Airlines UK has heralded the UK government’s plans to ease international travel restrictions, which include an end to testing for fully vaccinated inbound passengers, as a “landmark day” for passengers and aviation.
The announcement was made yesterday (January 24) and will result in the requirement for fully vaccinated arrivals to take a coronavirus test to be dropped from February 11.
Move offers “further reassurance” for those planning travel
Tim Alderslade, CEO of Airlines UK, the industry body representing UK-registered carriers, said: “This is a landmark day for passengers, businesses and UK plc. Nearly two years since the initial Covid restrictions were introduced, today’s announcement brings international travel towards near-normality for the fully vaccinated, and at last into line with hospitality and the domestic economy. It will offer further reassurance to those planning to travel, both overseas and into the UK, and demonstrates again that following the success of the vaccine programme, the UK can lead the world in our recovery from the pandemic.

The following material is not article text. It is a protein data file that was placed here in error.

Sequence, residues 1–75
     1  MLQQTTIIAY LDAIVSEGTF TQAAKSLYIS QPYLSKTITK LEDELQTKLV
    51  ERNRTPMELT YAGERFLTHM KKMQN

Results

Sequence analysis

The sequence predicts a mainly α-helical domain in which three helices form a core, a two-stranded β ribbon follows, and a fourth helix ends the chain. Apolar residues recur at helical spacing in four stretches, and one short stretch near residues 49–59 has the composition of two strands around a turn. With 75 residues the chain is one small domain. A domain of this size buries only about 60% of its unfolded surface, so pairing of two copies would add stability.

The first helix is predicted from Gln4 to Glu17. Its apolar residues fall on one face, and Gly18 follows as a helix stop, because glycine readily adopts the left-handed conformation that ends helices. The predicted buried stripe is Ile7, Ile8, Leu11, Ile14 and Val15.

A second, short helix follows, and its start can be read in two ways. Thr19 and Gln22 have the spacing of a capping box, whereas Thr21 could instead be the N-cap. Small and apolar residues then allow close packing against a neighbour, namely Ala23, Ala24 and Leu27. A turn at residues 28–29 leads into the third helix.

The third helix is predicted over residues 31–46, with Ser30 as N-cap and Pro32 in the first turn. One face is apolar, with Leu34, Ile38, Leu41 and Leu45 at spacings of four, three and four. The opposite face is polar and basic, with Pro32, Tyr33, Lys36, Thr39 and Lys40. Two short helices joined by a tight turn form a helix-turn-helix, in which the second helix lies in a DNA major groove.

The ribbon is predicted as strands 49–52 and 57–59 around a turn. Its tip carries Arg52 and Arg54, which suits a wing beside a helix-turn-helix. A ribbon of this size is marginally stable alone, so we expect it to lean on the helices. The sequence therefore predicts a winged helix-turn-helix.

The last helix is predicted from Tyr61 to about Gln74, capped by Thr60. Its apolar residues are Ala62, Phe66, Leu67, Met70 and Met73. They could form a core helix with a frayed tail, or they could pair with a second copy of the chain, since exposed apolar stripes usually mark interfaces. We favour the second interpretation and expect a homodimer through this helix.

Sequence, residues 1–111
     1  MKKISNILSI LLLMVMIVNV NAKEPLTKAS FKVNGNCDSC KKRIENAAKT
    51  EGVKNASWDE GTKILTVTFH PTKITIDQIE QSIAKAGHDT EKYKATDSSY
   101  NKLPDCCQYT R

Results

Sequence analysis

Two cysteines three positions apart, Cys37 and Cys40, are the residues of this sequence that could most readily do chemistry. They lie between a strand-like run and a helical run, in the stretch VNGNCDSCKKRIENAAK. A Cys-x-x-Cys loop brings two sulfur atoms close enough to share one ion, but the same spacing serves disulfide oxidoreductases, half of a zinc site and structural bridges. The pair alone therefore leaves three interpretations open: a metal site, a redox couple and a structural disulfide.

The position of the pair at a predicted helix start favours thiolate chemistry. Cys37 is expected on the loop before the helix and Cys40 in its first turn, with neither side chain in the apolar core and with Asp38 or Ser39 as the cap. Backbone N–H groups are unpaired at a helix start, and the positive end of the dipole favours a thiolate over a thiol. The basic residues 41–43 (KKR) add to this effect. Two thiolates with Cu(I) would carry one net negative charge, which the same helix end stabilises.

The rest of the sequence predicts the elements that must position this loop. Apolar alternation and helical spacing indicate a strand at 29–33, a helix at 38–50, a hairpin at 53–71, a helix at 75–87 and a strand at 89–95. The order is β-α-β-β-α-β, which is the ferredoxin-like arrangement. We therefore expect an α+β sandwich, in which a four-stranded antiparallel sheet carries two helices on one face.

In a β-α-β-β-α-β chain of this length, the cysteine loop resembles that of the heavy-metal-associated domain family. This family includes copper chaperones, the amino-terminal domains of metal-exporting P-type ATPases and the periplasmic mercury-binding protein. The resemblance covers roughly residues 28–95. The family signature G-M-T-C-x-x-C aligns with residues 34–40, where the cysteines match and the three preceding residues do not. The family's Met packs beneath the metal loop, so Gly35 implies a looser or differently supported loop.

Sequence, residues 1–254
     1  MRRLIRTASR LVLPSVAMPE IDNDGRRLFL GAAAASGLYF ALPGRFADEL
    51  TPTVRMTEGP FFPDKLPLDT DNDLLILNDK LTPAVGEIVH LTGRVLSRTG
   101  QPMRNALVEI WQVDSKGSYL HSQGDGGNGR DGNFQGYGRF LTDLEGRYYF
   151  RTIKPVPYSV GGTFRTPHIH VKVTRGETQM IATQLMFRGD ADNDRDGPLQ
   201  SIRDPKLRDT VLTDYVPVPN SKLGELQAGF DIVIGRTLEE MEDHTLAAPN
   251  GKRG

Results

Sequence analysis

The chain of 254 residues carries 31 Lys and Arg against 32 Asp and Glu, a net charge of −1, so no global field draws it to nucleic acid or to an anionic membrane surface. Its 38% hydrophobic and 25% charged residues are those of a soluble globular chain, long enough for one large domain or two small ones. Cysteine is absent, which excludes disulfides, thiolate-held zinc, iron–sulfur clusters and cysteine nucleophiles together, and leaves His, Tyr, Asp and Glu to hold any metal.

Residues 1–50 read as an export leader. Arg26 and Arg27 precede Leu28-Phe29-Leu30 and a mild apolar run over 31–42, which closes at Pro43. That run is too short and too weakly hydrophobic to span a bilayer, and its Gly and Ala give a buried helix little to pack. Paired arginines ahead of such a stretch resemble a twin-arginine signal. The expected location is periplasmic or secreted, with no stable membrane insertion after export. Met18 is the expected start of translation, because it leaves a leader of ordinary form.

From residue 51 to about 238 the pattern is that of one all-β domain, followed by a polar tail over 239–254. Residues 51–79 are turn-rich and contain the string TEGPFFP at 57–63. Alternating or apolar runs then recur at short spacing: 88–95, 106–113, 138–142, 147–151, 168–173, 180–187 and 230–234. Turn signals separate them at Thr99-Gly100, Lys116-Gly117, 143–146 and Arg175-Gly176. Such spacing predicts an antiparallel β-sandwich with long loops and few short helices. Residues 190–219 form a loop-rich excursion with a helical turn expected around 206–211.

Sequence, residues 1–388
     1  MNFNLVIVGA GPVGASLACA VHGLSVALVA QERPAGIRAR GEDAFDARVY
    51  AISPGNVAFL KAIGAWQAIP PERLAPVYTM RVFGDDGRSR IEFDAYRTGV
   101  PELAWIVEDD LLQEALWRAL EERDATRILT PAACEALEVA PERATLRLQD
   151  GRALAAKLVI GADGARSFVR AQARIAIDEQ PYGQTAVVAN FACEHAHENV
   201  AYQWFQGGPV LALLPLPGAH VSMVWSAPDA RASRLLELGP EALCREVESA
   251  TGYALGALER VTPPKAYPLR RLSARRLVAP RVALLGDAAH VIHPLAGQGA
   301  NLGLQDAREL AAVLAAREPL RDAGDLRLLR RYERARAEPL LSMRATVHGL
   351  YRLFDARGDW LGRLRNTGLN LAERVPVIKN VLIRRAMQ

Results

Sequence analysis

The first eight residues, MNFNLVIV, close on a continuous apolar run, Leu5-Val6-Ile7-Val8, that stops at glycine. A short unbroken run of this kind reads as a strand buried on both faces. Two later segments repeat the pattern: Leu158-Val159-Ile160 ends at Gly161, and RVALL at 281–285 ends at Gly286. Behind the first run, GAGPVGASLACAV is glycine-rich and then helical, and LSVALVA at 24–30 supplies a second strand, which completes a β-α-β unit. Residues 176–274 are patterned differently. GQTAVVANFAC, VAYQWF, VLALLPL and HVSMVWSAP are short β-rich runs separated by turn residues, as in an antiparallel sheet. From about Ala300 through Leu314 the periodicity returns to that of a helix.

“With the all-important half-term week approaching, passengers should now get booking, and airlines look forward to using the connectivity they’re proud to facilitate to turbo-charge the economic recovery for all of the UK.”
Two jabs needed to be “fully vaccinated”
Transport Secretary Grant Shapps told LBC radio this morning that the reduced testing and self-isolation requirements for people arriving in the UK would bring international travel ‘back to the good old days.’
He told LBC that two doses of the vaccine and no booster would currently be enough to be categorised as fully vaccinated for travel into the UK: “You will be able to come to this country, and if you’ve been fully vaccinated, in other words two vaccinations, you will not need to take any tests at all, either before you leave to come here or when you get back here. Of course, no quarantine.”
But he warned that booster vaccinations were becoming a requirement to travel to other countries and recommended people come forward to receive the jab. He said: “Increasingly countries elsewhere are requiring the booster for you to go there.